Book Review by Paddy Dillon
december 09, 2013 06:33pm
OUTDOOR FOCUS: Journal of the Outdoor Writers’ and Photographers’ Guild
LAKELAND FELLRANGER :The Far Eastern Fells
Mark had a chat with me at the end of the previous millennium, when he was hatching plans for an eight-volume series covering the Lake District in unprecedented detail. He couldn’t choose between Cicerone and Collins as publisher, so he asked my opinion. I favoured Cicerone, but Mark went for Collins. However, after four books were published, Mark negotiated a switchover to Cicerone, who republished the earlier volumes and saw the series to completion. A brave and unusual move, but one that seems to have benefited all concerned.
I joined Mark on a couple of research walks in the summer of 2001, dodging foot-and-mouth restrictions in the Central Fells. No detail in the landscape escapes his notice. Three years later, Mark stayed overnight while checking routes in the Southern Fells. I’ll draw a veil over my attempt to scupper his plans, but Hoad Hill above Ulverston and Piel Island in Walney Channel didn’t make it into the book!
I can’t fault Mark’s knowledge of the Lakeland Fells, and I don’t know of anyone who has walked and described so many routes on the fells. In fact, I’m amazed at how many times Mark comes up with routes I’ve never spotted, as well as place-names I’ve never heard before. I know Mark tackled the fells in fair weather and foul, but he clearly found time to return again and again to get the pictorial coverage necessary to inspire readers. In this final volume, Mark has explored all the quiet and unfrequented parts and found routes in some very curious places. The book is full of detail and passion, as well as typical light-heartedness.
I can’t help comparing one of the early Collins books with the equivalent Cicerone volume. Although largely similar, Cicerone saw fit to use the full detail from Harvey maps, instead of just the outline. The overall design is crisper and clearer, and just a little additional editing has improved the text. Mark’s summit panoramas have been improved in the Cicerone editions and are full of incredible detail. I used to wonder what the Wainwright guides would have like if they were typeset, with colour pictures and Harvey map. Well, now I know!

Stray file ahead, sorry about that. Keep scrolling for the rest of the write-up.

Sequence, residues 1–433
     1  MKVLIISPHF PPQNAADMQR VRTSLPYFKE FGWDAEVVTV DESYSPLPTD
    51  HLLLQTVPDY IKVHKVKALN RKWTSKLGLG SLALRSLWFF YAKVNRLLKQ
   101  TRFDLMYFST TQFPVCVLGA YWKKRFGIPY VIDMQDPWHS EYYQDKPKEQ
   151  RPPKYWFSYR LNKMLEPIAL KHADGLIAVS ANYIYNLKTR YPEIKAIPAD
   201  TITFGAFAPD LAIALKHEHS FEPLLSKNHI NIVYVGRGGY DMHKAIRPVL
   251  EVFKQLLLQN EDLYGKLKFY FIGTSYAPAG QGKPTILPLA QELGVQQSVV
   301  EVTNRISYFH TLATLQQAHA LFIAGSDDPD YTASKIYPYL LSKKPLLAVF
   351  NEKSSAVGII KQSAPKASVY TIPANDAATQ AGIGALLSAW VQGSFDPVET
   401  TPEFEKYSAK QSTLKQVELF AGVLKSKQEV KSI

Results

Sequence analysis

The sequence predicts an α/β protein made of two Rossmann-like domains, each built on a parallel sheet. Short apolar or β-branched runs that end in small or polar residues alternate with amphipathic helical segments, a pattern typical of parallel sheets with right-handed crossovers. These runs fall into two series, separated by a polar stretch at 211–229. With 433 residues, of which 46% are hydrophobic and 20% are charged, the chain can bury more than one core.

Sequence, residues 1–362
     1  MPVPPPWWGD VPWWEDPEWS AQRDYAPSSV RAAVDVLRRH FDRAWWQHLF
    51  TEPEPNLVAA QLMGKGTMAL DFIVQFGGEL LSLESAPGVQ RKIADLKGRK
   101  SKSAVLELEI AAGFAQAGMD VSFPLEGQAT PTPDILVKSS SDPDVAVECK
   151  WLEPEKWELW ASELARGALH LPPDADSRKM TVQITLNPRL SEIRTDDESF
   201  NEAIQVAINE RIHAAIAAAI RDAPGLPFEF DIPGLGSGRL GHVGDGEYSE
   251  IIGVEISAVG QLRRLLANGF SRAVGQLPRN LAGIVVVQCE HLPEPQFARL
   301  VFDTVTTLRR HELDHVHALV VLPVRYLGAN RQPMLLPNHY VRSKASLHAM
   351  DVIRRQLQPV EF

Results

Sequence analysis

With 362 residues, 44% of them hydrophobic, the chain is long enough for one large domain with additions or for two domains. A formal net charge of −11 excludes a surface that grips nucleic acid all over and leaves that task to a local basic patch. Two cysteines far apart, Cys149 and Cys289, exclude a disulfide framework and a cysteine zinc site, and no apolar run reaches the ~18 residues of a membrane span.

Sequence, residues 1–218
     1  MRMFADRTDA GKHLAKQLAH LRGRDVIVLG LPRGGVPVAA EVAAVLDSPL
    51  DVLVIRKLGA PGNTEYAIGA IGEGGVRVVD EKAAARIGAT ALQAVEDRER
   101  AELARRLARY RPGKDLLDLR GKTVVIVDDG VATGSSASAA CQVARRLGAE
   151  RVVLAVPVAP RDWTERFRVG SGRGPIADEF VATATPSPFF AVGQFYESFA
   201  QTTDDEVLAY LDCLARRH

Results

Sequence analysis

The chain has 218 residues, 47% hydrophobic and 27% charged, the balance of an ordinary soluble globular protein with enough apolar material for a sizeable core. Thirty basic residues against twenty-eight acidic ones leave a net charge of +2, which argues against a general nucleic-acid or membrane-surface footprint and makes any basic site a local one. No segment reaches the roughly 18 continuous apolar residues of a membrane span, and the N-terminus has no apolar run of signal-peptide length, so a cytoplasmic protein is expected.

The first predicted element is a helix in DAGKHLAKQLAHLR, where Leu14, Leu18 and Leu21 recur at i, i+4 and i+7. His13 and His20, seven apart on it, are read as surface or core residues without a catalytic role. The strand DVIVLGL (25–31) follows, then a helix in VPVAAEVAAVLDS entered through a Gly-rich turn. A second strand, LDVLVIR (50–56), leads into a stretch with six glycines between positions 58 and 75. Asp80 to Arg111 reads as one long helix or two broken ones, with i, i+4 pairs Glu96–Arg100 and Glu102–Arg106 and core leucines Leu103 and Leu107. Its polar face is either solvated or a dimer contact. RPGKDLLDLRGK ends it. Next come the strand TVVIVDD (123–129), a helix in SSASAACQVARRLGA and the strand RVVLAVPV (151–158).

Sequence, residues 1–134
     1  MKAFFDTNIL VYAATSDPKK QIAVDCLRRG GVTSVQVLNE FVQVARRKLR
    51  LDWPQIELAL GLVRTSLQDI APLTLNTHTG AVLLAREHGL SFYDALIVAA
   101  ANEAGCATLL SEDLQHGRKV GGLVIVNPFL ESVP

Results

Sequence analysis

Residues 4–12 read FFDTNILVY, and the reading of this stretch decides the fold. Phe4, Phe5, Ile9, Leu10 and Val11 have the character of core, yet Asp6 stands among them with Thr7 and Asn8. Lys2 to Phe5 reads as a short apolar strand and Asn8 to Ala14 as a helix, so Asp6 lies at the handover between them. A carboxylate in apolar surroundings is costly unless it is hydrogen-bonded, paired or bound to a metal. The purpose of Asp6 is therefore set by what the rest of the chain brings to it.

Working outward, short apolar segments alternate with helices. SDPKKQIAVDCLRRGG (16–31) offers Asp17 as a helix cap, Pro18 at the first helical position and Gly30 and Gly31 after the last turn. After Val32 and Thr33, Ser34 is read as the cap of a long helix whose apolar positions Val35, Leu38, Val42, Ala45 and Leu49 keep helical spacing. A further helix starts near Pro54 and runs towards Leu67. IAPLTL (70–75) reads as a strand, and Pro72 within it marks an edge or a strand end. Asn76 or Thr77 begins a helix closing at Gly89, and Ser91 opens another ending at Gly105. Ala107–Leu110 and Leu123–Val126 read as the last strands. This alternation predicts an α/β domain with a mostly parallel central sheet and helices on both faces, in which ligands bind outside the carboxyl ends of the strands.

For Mark, no doubt it’s the end of an era. The Far Eastern Fells is the completion of his Magnus opus (or should that be Magnus opera?). In a fit of generosity, Mark diverts a percentage of his royalties from the series to ‘Fix the Fells’, benefitting all who walk in the Lake District.
Author's note: I chose HarperCollins because I needed an advance to contemplate even beginning this monumental project. Something that Cicerone, my natural publishing home, has never entertained. Cicerone have been tremendous bringing editorial rigour and superb design in support of my own work. All the maps, diagrams and panoramas were my own lineart, but the way they have been integrated is testimony to a top notch team. The series is set for many years inspiring new generations to the thrill and rewards of being up on the fells. Since 2008 the sales of all British outdoor titles have shrunk some 40%, this being the case I have no latitude to give further from my royalties to Fix the Fells. However I applaud Cicerone who continue to give an annual proportion of overall sales to this important cause. There is always scope for fellwalkers' to follow suit, modestly supporting the welfare of the hard-pressed fell path structure.
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